12 Years a Slave

Nov 1, 2013

One of the best films of 2013.

Grade: A

Director: Steve McQueen (Shame)

Screenplay: John Ridley (Red Tails), based on Twelve Years a Slave by Solomon Northup

Cast: Chiwetel Ejiofor (Salt), Michael Fassbender (Shame)

Rating: R

Runtime: 133 min.

by John DeSando

“The aim of art, the aim of a life can only be to increase the sum of freedom and responsibility to be found in every man and in the world.” Albert Camus

No other film about slavery need be seen once you have witnessed the unforgettable 12 Years a Slave, directed by Steve McQueen with horror and grace. This adaptation, based on Solomon Northrup’s Twelve Years a Slave, seems to perfectly translate the suffering and eventual triumph of African Americans in the antebellum South. Chiwetel Ejiofor as kidnapped and enslaved freeman Northrup should be Oscar nominated as well as the film and other supporting actors.

As Northrup endures a thousand indignities and brutal torture in his twelve years of being kidnapped, director McQueen, with the invaluable support of lenser Sean Bobbitt’s lush landscapes and writer John Ridley’s ear for the telling comment, never takes the torture over the top, as Mel Gibson did in The Passion of the Christ. Northrup dangling at the end of a noose for hours with only his toes between him and eternity is more harrowing than anything Gibson dreamt up. That Solomon hanging sequence can be matched only by slave Patsey’s (an impressive Lupita Nyong’o) whipping in an extended scene of at least 10 unbroken minutes.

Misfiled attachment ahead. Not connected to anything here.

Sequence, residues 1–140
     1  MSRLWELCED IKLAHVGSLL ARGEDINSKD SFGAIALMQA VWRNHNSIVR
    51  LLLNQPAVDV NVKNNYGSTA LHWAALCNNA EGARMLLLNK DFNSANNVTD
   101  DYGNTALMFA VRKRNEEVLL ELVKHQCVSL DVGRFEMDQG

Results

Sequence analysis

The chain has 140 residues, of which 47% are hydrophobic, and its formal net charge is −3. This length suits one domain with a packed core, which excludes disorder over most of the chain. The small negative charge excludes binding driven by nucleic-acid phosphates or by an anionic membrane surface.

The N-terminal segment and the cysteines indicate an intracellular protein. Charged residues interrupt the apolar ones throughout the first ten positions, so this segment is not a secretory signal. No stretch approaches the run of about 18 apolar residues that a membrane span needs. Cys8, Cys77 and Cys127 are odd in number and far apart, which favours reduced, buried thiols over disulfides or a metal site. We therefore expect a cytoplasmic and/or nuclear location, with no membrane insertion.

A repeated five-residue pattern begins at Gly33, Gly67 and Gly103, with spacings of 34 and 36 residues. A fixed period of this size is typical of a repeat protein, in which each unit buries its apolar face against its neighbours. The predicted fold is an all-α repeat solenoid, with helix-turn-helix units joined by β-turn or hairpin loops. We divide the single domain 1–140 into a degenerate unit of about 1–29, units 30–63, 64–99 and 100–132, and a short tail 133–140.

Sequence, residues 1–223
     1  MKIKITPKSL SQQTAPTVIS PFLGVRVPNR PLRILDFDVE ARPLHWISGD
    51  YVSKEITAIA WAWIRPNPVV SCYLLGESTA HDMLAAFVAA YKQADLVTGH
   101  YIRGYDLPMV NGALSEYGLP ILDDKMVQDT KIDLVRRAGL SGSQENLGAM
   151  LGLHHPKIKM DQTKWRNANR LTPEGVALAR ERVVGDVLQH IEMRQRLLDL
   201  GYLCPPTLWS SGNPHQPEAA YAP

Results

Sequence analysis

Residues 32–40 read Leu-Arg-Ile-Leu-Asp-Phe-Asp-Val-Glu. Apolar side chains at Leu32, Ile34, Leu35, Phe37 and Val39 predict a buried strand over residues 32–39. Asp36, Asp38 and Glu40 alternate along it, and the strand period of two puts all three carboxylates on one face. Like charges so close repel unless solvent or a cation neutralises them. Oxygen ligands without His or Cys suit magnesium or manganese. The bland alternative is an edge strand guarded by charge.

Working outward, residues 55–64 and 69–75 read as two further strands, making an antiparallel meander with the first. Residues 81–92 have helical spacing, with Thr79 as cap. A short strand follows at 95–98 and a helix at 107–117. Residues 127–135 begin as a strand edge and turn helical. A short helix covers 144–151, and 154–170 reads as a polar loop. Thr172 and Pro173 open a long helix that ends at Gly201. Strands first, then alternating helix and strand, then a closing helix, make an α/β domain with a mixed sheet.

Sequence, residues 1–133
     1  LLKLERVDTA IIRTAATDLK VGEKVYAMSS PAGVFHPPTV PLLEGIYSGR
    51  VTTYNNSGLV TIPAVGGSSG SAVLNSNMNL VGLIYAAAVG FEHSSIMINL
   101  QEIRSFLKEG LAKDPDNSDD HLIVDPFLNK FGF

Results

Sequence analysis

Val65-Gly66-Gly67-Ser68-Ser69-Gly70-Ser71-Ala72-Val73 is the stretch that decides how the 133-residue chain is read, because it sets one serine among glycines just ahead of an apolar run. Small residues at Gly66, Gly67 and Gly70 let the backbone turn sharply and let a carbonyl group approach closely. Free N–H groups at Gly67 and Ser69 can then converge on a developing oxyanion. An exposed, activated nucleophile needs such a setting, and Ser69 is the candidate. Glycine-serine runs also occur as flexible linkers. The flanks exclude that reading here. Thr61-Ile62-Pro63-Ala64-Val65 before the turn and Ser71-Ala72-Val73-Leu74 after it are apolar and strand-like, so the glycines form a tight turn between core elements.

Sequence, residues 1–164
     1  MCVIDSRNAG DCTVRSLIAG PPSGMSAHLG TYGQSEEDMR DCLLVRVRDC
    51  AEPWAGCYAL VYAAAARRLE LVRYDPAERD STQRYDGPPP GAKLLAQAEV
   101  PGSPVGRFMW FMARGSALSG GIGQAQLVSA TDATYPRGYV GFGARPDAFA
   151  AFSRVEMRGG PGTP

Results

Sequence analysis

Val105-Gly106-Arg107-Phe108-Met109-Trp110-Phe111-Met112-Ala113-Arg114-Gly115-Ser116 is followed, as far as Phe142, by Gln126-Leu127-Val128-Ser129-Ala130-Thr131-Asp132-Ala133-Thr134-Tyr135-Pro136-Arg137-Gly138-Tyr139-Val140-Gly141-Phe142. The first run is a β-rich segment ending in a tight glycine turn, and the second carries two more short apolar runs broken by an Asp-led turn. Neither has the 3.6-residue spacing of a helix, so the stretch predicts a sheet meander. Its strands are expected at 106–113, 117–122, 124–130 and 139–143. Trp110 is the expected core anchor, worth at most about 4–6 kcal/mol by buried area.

Although each set piece may have an overt message, e.g., Brad Pitt’s Bass has a scene with Solomon that illuminates an enlightened Northerner’s stand against slavery, the film concentrates on the personalities as well as the issues.

As interesting as Solomon is representing a race wronged, Epps (Michael Fassbender), the cruel estate and slave owner, well embodies the flawed principle of ownership that drove the South’s economy and its emerging loss of the slavery franchise.  While Epps’ misanthropy is evident, less obvious but just as vicious is his wife’s (Sarah Paulson), whose Mandingo-like jealousy of her husband over his attention to slave Patsey impels her to seek an unseemly revenge on the young woman.

In contrast to Bass’s humanity, this couple takes the honors for horror duo of the year in one of the best films of 2013.

“I don’t want to survive.” “I want to live!” Solomon Northrup

John DeSando co-hosts WCBE 90.5’s It’s Movie Time and Cinema Classics, which can be heard streaming and on-demand at Contact him at